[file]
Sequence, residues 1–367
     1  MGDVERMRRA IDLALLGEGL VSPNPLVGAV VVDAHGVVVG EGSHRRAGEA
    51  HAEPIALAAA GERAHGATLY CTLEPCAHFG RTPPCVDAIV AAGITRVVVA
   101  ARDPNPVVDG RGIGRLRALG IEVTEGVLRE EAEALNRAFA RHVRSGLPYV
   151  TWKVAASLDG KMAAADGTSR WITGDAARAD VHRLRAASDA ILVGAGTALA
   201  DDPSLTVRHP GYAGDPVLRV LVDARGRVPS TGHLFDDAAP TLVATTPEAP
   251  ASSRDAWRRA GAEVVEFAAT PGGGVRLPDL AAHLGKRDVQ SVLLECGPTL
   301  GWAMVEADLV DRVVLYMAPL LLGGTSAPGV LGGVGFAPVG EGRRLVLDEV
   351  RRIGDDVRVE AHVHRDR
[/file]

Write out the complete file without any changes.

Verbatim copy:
Sequence, residues 1–367
     1  MGDVERMRRA IDLALLGEGL VSPNPLVGAV VVDAHGVVVG EGSHRRAGEA
    51  HAEPIALAAA GERAHGATLY CTLEPCAHFG RTPPCVDAIV AAGITRVVVA
   101  ARDPNPVVDG RGIGRLRALG IEVTEGVLRE EAEALNRAFA RHVRSGLPYV
   151  TWKVAASLDG KMAAADGTSR WITGDAARAD VHRLRAASDA ILVGAGTALA
   201  DDPSLTVRHP GYAGDPVLRV LVDARGRVPS TGHLFDDAAP TLVATTPEAP
   251  ASSRDAWRRA GAEVVEFAAT PGGGVRLPDL AAHLGKRDVQ SVLLECGPTL
   301  GWAMVEADLV DRVVLYMAPL LLGGTSAPGV LGGVGFAPVG EGRRLVLDEV
   351  RRIGDDVRVE AHVHRDR